City Manager Talks Cambridge Emergency Shelter, Discourages Street Closures in Council Meeting
On Leave Due to COVID-19 Concerns, Forty-Three Harvard Dining Workers Risk Going Without Pay
Harvard Prohibits Non-Essential University Travel Until May 31, International Travel Cancelled Until August 31
Ivy League Will Not Allow Athletes to Compete as Grad Students Despite Shortened Spring Season
‘There’s No Playbook’: Massachusetts Political Campaigns Navigate a New Coronavirus Reality
Harvard’s graduate student union announced that it would strike if its negotiators could not reach a contract with the University by Dec. 3. The deadline, which falls on the final day of classes for the fall term, means a potential strike would begin during reading and finals period, giving the University and union negotiators almost two months to come to an agreement before the start of spring classes. A strike authorization vote the union conducted last month garnered 90 percent support, and the union held two town hall meetings to update its members on the status of negotiations and make recommendations to student workers on how to navigate teaching and research responsibilities if a strike were to go forward.
We support the decision of Harvard Graduate Students Union-United Automobile Workers members to strike. We reaffirm our precedent in support of the union taking all appropriate action necessary to provide their members with an economically secure basis on which to live while at the University. We recognize that the decision to strike is no casual matter. It entails a considerable economic burden for strikers and potentially serious academic disruption for non-union students. During this time, we encourage professors and classes to be transparent in making their contingency plans known to students so we can best prepare ourselves in the event the strike goes forward.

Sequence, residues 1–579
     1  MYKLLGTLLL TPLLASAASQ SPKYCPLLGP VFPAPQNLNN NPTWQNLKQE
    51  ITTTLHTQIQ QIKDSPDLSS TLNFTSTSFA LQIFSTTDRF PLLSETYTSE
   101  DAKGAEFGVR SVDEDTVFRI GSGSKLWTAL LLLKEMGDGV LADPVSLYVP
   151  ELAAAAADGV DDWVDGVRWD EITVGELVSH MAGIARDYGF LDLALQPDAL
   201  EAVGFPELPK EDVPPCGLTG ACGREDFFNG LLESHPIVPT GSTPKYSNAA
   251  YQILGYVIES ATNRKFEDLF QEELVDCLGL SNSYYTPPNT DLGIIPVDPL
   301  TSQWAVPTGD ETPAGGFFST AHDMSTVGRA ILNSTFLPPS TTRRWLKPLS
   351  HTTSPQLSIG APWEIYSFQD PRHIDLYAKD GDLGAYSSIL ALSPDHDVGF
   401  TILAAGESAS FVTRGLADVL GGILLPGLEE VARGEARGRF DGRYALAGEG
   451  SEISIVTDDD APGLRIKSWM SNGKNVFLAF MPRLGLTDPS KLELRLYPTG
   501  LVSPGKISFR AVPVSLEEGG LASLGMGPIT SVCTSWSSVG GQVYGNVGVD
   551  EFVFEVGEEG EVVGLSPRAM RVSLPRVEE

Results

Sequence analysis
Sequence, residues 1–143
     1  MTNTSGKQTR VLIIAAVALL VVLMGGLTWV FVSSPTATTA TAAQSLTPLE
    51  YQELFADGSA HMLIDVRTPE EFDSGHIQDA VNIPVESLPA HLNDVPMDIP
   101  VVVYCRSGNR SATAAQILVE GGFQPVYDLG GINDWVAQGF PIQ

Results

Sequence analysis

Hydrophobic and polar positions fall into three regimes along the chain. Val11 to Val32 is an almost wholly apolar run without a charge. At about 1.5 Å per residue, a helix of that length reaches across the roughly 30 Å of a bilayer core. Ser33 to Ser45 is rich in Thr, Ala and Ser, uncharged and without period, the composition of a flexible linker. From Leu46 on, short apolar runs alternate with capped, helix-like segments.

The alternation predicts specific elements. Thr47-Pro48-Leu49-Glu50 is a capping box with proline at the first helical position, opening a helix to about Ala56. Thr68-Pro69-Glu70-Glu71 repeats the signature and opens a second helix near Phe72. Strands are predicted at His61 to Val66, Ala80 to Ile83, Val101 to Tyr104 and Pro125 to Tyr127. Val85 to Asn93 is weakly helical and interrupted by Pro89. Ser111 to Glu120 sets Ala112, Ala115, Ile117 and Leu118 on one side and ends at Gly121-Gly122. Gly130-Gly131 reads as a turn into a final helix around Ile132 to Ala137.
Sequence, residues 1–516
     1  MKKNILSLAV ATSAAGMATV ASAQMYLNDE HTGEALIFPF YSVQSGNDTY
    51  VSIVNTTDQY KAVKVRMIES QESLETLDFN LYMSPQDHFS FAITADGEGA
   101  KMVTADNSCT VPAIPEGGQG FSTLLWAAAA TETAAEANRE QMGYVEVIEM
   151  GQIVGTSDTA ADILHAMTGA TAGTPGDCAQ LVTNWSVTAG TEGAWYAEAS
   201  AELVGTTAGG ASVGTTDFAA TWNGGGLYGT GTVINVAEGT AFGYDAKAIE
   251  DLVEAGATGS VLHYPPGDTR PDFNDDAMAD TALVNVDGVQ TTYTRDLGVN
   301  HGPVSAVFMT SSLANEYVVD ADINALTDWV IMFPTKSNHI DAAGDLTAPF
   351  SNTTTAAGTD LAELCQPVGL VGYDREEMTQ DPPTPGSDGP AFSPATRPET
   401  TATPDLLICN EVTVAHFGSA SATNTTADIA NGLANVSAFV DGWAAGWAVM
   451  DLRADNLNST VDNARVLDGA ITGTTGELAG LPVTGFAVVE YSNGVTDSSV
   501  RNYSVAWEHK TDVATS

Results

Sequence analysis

Critically, we think it’s important to note that lack of progress on particularly difficult issues doesn’t necessarily mean that both sides aren’t negotiating in good faith. Even under the shadow of the potential upcoming strike, it’s important to encourage both sides to continue pursuing negotiations in good faith, even under the shadow of the potential upcoming strike. We also hope that these negotiations will not be stalled by the National Labor Relations Board’s proposed rule that could eliminate graduate student unions.
A strike is a drastic measure, and the union’s decision to threaten one seems to us suggestive of a loss of trust in the University’s desire to negotiate a fair settlement. We do not have access to the private back-and-forth of the negotiations and are therefore not in a position to make that judgement for ourselves.
With that said, we believe that it is incumbent upon the University in the coming weeks to offer tangible proof to the union’s bargaining committee of its desire to negotiate in good faith and arrive at an outcome that is acceptable to both parties. We recognize that such negotiations can be fraught by nature. And while we expect concessions to be made on both sides, as is necessary in any such complex contract negotiations, we hope that the union will continue to faithfully represent its members in the pursuit of a fair contract.
Ultimately, both sides must come together in a productive and fair manner for all involved so that union workers can be guaranteed a fair, secure livelihood for the duration of their tenure at the University.
This staff editorial solely represents the majority view of The Crimson Editorial Board. It is the product of discussions at regular Editorial Board meetings. In order to ensure the impartiality of our journalism, Crimson editors who choose to opine and vote at these meetings are not involved in the reporting of articles on similar topics.
Want to keep up with breaking news? Subscribe to our email newsletter.